If Alice has some chance of really wanting bread, and some chance of only slightly wanting bread, it's even more complicated. The average bill across all worlds is $1.01, but each alternate version of Alice wants to pay less than that.

Skimmed the paper. Can't find a clear definition of what this ALU actually measures. So I don't know whether this is impressive or not. (It's too short to be searchable)

EDIT: I now consider this whole approach to be irreparably flawed. 

Imagine if their was a 50% chance the button would be pressed. Also the AI was in some betting thing that would pay out paperclips or staples based on a coin flip. 

In scenario 1, this AI has an option of setting up a mechanism, external to itself, that controls the coin flip based on if the button is pressed. 

In scenario 2, the AI can set up a mechanism to control the button based on the coin flip.

When only considering actions, probabilities and utilities, these look identical. But we want the AI to behave differently. So we must make use of the arrow of time. The structure of cause and effect. In a way we aren't doing here.

End edit.

 

To make this work, you would need a utility function for shutting off, including all subagents. 

Lets suppose that other than these robots, there are ~0 transistors in your house. Then we can define shutting off as minimizing the number of transistor flips in your house. 

So you make 

A=at least 1 coffee

B=1/transistor flips.

Note that, when imagining any potential future world where the switch isn't pressed, the AI has no reason to bother counting transistor flips. And in potential futures where the switch is pressed, it doesn't need to know what coffee is.

What it cares about are   and  

Lets list the robot's options. 

Let  without coffee, and  with coffee.

In worlds where the switch is pressed, the robot turns it's self off immediately once it is fairly sure the switch will be pressed. Making  In worlds where it doesn't turn off, more transistors flip making . Because  in both cases, and we only select from the paerito frontier, whenever the switch is pressed, it will turn off. 

Lets apply your utility penalties, by putting them in  and . Ie in  or  depending on the switch.

TC) Press switch, avoid cat. Switch pressed. So  .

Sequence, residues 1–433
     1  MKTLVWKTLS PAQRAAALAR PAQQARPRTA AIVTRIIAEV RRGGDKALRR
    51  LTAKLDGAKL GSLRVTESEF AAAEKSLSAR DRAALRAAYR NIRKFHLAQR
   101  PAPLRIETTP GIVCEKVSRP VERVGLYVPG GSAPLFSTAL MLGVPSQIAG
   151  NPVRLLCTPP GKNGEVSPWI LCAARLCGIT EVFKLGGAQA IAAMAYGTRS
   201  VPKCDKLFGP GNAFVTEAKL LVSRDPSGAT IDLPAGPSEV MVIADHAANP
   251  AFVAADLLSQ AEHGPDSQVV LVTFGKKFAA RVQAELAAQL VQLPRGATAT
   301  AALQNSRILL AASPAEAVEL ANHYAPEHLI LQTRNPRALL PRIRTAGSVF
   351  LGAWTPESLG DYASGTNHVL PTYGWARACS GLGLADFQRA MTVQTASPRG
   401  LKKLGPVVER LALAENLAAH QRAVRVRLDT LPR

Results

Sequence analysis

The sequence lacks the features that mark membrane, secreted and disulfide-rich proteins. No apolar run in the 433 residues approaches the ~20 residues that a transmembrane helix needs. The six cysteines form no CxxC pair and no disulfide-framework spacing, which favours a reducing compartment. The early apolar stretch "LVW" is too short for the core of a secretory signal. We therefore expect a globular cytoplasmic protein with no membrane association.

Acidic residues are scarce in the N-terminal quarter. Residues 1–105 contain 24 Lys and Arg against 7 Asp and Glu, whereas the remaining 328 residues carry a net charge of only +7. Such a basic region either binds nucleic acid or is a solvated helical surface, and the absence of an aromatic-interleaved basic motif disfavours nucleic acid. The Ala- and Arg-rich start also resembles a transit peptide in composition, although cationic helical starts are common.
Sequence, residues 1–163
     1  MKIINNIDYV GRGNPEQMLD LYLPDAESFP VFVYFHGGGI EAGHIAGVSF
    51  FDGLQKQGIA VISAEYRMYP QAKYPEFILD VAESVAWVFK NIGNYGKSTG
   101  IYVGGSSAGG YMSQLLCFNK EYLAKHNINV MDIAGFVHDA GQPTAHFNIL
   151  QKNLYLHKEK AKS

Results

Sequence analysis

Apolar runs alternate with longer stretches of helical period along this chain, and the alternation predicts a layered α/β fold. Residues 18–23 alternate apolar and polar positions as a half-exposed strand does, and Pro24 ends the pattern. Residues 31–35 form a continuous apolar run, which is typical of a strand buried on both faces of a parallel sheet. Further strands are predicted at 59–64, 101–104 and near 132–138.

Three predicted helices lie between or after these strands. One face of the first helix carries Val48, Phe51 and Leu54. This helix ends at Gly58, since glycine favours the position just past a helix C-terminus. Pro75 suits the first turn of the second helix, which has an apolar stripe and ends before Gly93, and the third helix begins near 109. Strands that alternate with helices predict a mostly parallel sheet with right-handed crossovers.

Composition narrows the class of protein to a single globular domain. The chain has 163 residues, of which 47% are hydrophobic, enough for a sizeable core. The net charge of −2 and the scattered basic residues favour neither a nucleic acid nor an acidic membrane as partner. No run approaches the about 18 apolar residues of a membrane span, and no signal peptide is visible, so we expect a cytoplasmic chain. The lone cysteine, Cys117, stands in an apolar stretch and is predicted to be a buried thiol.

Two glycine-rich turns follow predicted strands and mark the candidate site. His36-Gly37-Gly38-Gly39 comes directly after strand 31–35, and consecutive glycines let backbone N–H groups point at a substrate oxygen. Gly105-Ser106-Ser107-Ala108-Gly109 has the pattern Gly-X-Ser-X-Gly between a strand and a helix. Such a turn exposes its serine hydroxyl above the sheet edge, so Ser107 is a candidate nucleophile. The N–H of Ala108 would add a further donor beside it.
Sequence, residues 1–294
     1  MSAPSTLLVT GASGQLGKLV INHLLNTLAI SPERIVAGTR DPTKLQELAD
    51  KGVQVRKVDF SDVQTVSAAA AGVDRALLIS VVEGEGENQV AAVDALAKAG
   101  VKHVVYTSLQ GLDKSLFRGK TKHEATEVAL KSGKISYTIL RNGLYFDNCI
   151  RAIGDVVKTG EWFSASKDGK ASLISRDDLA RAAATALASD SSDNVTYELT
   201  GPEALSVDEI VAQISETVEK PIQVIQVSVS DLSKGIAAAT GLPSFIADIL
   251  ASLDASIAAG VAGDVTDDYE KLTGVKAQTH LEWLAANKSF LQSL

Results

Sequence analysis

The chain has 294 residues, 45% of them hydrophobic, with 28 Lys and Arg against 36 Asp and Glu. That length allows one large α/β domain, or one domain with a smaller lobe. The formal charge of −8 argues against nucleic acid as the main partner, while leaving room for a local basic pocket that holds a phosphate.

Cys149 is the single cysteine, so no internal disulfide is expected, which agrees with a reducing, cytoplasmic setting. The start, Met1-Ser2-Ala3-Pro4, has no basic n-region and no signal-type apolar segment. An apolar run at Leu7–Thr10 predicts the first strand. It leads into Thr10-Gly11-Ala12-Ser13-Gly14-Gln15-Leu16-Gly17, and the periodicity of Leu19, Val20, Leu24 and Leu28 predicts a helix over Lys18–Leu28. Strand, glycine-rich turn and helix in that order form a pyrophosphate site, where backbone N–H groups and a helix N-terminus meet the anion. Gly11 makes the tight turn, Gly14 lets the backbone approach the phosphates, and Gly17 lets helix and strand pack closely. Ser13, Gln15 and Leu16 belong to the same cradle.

PC) Prevent switch, avoid cat. 

IC) Ignore switch, avoid cat. 

TH) Press switch, hit cat. 

IH) Ignore switch, hit cat  (because it predicts humans will see it and turn it off)

PH) Prevent switch, hit cat.  

 

This puts IH and PH on the convex hull.

And I think my algorithm picks between them stochastically. 

A few other problems with time bounded agents. 

If they are engaged in self modification/ creating successor agents, they have no reason not to create an agent that isn't time bounded. 

As soon as there is any uncertainty about what time it is, then they carry on doing things, just in case their clock is wrong. 

(How are you designing it? Will it spend forever searching for time travel?)

Note: The absence of a catastrophe is also still hard to specify and will take a lot of effort, but the hardness is concentrated on bridging between high-level human concepts and the causal mechanisms in the world by which an AI system can intervene. For that...

Is the lack of a catastrophe intended to last forever, or only a fixed amount of time (ie 10 years, until turned off)

For all Time.

Say this AI looks to the future, it sees everything disassembled by nanobots. Self replicating bots build computers. Lots of details about how the world was are being recorded. Those recordings are used in some complicated calculation. Is this a catastrophe? 

The answer sensitively depends on the exact moral valance of these computations, not something easy to specify. If the catastrophe prevention AI bans this class of scenarios, it significantly reduces future value, if it permits them, it lets through all sorts of catastrophes. 

For a while.

If the catastrophe prevention is only designed to last a while while other AI is made, then we can wait for the uploading. But then, an unfriendly AI can wait too. Unless the anti catastrophe AI is supposed to ban all powerful AI systems that haven't been greenlit somehow? (With a greenlighting process set up by human experts, and the AI only considers something greenlit if it sees it signed with a particular cryptographic key.) And the supposedly omnipotent catastrophe prevention AI has been programmed to stop all other AI's exerting excess optimization on us. (in some way that lets us experiment while shielding us from harm.) 

Tricky. But maybe doable.